Nosocomial blood-borne infection secondary to intravascular devices

American Journal of Surgery
D E FryA P Borzotta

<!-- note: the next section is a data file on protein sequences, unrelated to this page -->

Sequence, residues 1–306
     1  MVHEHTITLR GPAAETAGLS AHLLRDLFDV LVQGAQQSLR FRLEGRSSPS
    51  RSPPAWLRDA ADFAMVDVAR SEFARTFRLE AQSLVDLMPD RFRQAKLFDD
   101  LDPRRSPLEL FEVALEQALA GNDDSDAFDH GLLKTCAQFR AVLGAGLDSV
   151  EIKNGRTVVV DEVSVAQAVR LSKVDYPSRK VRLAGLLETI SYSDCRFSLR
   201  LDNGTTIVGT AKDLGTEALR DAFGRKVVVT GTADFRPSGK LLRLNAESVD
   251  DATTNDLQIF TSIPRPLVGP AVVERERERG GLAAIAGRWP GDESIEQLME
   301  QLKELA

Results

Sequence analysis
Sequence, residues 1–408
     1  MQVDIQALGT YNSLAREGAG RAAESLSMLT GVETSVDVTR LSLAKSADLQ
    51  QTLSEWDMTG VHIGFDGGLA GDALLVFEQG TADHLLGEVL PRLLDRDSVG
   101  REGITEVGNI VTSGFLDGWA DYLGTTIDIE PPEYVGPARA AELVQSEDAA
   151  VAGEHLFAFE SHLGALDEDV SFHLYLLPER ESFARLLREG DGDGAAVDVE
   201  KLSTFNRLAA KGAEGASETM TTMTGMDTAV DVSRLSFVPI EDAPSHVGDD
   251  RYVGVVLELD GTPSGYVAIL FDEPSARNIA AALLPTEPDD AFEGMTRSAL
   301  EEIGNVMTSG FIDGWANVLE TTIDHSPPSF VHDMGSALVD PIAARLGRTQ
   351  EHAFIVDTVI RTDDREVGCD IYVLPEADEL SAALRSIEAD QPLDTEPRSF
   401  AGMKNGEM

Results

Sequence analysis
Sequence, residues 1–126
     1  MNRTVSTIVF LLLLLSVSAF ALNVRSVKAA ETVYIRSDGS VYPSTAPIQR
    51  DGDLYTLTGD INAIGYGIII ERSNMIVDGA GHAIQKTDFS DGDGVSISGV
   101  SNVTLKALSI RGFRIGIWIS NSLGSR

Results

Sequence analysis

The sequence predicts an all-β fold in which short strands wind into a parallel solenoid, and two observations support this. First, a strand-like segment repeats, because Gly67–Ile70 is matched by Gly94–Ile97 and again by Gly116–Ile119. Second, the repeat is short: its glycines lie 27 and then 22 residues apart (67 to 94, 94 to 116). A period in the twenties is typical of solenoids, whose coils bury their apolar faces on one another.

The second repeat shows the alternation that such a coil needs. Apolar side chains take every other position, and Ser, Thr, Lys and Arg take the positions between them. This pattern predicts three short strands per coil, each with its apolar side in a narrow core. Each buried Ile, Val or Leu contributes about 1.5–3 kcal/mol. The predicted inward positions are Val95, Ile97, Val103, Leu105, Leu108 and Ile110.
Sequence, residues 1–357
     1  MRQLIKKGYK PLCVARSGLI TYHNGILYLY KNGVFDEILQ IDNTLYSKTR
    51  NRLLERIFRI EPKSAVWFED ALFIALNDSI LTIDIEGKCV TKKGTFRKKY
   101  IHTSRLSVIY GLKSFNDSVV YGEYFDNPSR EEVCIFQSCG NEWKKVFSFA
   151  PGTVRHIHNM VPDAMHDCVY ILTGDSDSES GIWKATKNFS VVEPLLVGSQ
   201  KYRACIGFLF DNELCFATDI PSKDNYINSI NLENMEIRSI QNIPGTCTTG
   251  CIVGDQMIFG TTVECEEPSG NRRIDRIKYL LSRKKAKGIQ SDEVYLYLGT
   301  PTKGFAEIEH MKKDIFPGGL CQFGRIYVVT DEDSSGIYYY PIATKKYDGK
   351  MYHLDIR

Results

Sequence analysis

A total of 143 patients with 159 episodes of intravascular device, blood-borne infection were studied. All infections were confirmed by the same organism being recovered from blood culture and by semiquantitative culture of the catheter tip. Sites of infection included the peripheral venous line (n = 72), central catheter (n = 49), arterial line (n = 18), subclavian dialysis catheter (n = 12), Swan-Ganz catheter (n = 4), Broviac catheter (n = 3), and transvenous pacemaker wires (n = 1). Staphylococcus aureus (n = 78) and Staphylococcus epidermidis (n = 33) predominated as pathogens. Excessive length of catheterization was implicated as directly responsible for this complication in patients with peripheral intravenous and arterial lines. Nosocomial staphylococcal bacteremia must be considered secondary to an indwelling intravascular device until proven otherwise. Appropriate therapy requires removal of the catheters, excision of the vein if suppuration or persistent bacteremia is identified, and specific antibiotic therapy.


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